Means of Introduction: Unknown. Possibly released food fish, aquarium release, or escape from aquaculture ponds. Expanded range around Florida may have been assisted by humans to establish both commercial and subsistence fisheries (Gestring et al. 2009).

Status: Established in Florida (Nico et al. 1996), this species has expanded its range throughout peninsular Florida, as far north as the Jacksonville area in Duval County.

Impact of Introduction: Largely unknown. In several Florida water bodies, this species is locally abundant; because it feeds heavily on benthic invertebrates and detritus, the species had negative effects on the benthic invertebrate communities, possibly competing with native fishes when prey are limited (Duxbury et al. 2010). This species utilizes atmospheric oxygen by surfacing to breath, and can tolerate a wide range of environmental conditions (e.g., fresh and brackish waters). There is concern that it will eventually invade many natural freshwater wetlands and coastal marshes in Florida (Nico et al. 1996).

Duxbury et al. (2010) found that H. littorale reduced both abundance and diversity of aquatic macroinvertebrates in experimental enclosures. 

Stevens et al. (2010) found that H. littorale was an important part of the diet of Common Snook (Centropomus unidecimalis) in the tidal freshwater portion of the Peace River immediately following Hurricane Charley in 2004. It is also consumed by other large piscivores, including Largemouth Bass (Micropterus salmoides), Butterfly Peacock Bass (Cichla ocellaris), alligators, Double-crested Cormorant (Phalacrocorax auritus), and Great Blue Heron (Ardea herodias) (Gestring et al. 2009).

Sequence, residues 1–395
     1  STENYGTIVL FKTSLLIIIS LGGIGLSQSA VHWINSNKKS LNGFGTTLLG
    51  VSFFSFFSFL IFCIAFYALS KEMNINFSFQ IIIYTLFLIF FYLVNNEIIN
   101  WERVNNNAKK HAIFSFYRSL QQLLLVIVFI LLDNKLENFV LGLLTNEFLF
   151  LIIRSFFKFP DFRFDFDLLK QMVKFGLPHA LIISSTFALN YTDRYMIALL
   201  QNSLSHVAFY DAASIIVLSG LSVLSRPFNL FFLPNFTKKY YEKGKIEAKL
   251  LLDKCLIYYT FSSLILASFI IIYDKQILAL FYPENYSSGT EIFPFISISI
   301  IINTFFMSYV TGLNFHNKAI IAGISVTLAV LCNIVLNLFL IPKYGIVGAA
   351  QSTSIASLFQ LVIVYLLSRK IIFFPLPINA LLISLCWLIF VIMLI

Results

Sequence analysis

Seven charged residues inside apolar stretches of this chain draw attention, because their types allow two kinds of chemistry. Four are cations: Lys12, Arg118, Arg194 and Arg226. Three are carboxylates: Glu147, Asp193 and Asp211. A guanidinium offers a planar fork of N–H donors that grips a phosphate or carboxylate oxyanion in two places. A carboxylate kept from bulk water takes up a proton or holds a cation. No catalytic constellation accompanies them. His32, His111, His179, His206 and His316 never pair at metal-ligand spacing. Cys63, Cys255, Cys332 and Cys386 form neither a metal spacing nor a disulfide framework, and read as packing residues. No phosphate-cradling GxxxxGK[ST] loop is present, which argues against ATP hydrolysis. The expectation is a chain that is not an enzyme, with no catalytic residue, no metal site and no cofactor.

Remarks: A small commercial and recreational castnet fishery for H. littorale has commenced in Florida, which is a popular food fish in its native range. Part of the species' rapid expansion throughout peninsular Florida may have resulted from illegal movement by castnet fishermen to enhance local fisheries (Gestring et al. 2009).

The identity of specimens caught in Florida was confirmed by R. Reis.

Voucher specimens: FSBC 19134, 19483, 19509, 19514, 19705, 19722, 19760-61, 19841-42; UF 101746-48, 103796, 113315, 118271, 124361, 126665, 126693, 127537, 133208, 136069, 139830, 143223, 143235, 143270, 143511, 143550, 143560, 143786, 143799, 147247, 147323, 147356, 148180, 148626, 163651, 163721, 164139, 169265, 171019, 172851, 173733, 173780, 174466, 174971, 174972, 177080, 177881, 177902, 178791, 179022, 179223; UMMZ 231955; YPM 16437.

References: (click for full references)

Brauner, C.J., C.L. Ballantyne, and D.J. Randall. 1995. Air breathing in the armoured catfish (Hoplosternum littorale) as an adaptation to hypoxic, acidic, and hydrogen sulphide rich waters. Canadian Journal of Zoology 73:739–743.

Call, C.L. 2003. Exotic catfish invade Myakka River. Venice Gondolier Sun, April 26, 2003.

Charlotte Harbor NEP.  2004. Minutes of the Technical Advisory Committee, Habitat Conservation Subcommittee.  February 19, 2004, Punta Gorda.

Duxbury, C., J. Holland, and M. Pluchino. 2010. Experimental evaluation of the impacts of the invasive catfish Hoplosternum littorale (Hancock, 1828) on aquatic macroinvertebrates. Aquatic Invasions 5(1): 97-102.

Gestring, K.B., P.L. Shafland, M.S. Stanford, and R.L. Eisenhauer. 2009. Status and selected life history attributes of the illegally introduced brown hoplo (Hoplosternum littorale) in Florida. Florida Scientist 72:37-47.